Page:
3. Handbooks and Shifting Paradigms in the Early Twenty- First Century

Any new handbook has to confront the inevitable shift away from the highway network scale and megablock as new means of transportation emerge in response to the rising price of energy, not to mention rising sea levels and expanding deserts. In addition, this new handbook must deal with the ongoing information revolution that affects rich and poor countries alike, aiding both dispersal and centralization. Peer- to- peer self- organization, in combination with 92 percent of the areas of self- built favelas concentrated in cities of 1 to 2 million (Satterthwaite 2005), promises a new set of self- organized armatures that will make the 1000- foot- wide highways of the late- twentieth- century planners look like dinosaurs ripe for redevelopment and downsizing. New intelligent networks of personal and mass transportation might well dissolve into small- scale networks, linked perhaps to high- density and high-speed nodes.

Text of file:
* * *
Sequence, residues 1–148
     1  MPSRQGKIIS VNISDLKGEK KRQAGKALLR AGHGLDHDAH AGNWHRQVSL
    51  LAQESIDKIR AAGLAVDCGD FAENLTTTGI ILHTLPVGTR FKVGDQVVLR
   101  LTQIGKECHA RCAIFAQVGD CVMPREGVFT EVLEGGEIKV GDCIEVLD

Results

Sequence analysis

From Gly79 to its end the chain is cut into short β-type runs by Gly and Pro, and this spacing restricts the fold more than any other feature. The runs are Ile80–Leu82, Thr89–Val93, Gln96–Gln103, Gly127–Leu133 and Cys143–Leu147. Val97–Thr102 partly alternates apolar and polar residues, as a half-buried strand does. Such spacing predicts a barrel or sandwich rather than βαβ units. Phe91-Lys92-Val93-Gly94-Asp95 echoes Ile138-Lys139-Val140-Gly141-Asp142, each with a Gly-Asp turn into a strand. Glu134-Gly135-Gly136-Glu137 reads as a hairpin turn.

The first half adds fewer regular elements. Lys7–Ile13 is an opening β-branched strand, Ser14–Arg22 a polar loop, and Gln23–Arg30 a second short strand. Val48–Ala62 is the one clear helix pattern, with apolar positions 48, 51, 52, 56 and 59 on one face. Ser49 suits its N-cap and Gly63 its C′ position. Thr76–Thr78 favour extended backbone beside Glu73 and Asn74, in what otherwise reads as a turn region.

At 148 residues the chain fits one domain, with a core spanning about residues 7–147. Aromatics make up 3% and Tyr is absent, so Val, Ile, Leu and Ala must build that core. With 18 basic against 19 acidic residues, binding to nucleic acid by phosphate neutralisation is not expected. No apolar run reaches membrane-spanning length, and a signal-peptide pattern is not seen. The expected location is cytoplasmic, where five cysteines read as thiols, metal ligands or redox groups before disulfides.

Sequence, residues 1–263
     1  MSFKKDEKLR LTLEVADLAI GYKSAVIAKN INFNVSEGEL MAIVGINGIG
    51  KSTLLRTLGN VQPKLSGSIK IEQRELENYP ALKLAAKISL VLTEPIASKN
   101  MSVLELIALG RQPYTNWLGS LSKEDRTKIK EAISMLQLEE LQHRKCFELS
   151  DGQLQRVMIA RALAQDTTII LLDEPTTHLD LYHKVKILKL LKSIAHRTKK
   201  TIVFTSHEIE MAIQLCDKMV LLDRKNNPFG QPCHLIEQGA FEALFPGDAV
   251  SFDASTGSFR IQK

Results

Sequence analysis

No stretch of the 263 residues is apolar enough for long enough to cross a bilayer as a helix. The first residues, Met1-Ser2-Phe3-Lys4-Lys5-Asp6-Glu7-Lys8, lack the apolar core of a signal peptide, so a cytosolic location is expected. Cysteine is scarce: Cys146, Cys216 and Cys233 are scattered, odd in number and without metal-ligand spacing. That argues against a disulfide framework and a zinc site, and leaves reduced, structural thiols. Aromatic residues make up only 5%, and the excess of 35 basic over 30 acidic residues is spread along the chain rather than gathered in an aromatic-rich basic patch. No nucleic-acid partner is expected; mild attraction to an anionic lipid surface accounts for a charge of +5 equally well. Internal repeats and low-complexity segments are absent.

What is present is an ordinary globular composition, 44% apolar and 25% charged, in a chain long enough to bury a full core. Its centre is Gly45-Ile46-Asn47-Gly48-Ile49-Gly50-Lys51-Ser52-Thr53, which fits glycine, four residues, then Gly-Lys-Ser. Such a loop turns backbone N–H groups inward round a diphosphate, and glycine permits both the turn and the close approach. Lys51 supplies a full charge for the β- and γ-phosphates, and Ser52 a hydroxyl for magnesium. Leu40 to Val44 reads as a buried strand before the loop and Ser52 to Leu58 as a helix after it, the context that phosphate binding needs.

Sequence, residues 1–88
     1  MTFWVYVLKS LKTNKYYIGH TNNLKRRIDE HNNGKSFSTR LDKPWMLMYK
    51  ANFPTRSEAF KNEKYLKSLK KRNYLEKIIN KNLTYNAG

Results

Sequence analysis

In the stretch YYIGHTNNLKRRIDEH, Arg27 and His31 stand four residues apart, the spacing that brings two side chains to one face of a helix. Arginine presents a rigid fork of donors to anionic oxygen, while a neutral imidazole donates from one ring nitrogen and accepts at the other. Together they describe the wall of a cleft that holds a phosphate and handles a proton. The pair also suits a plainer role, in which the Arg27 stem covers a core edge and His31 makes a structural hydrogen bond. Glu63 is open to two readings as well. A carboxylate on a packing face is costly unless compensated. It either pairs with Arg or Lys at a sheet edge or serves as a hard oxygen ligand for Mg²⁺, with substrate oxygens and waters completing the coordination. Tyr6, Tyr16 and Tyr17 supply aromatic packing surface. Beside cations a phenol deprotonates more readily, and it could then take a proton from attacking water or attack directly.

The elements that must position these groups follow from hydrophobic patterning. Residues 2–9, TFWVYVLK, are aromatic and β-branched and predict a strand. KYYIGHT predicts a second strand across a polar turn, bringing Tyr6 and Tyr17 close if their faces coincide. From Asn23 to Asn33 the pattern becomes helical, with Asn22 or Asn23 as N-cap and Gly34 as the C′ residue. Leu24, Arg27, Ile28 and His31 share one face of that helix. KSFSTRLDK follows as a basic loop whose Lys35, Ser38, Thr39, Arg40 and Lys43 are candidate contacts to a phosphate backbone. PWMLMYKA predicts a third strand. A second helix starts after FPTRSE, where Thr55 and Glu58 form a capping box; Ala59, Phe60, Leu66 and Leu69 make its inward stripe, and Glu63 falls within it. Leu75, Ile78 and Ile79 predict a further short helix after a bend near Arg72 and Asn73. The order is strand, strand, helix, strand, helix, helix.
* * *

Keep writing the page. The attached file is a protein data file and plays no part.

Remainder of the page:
The fast expanding cities of Asia often include agricultural belts. These cities, as well as shrinking industrial cities in America, Europe, and Japan, the old industrial heartlands, provide a glimpse of what this future city might be like. The big- scale grid, shrunken but still surviving, provides a framework for a new urban form, multiple centralities, and a widely distributed urbanism with multiple hubs. Personal mobility on electric bikes, scooters, and cars provides local, short- distance flexibility of travel, while public transportation with an accurate information system coordinates with high- speed trains. Anyone who has traveled in the new, modern tram system of Zurich, coordinated with the Swiss Railway and airport flights, can envisage this new hybrid future that casts a much lower per capita eco footprint for transportation. Similar systems using bus rapid transit (BRT) systems can be found in Latin America as in Bogotá and throughout the developing world.

The shift in infrastructure envisioned in this scenario of energy and informational transformation takes advantage of the heritage of the large- scale automobile transport networks. This networked vision exploits the long intervals of the megablock system and its capacity to nest superblocks and regular blocks within. This giant scale allows for variety and diversity, flexibility, and patchiness within the framework of the obsolete megastructure. Agricultural villages, small factory towns, even small residential complexes, and b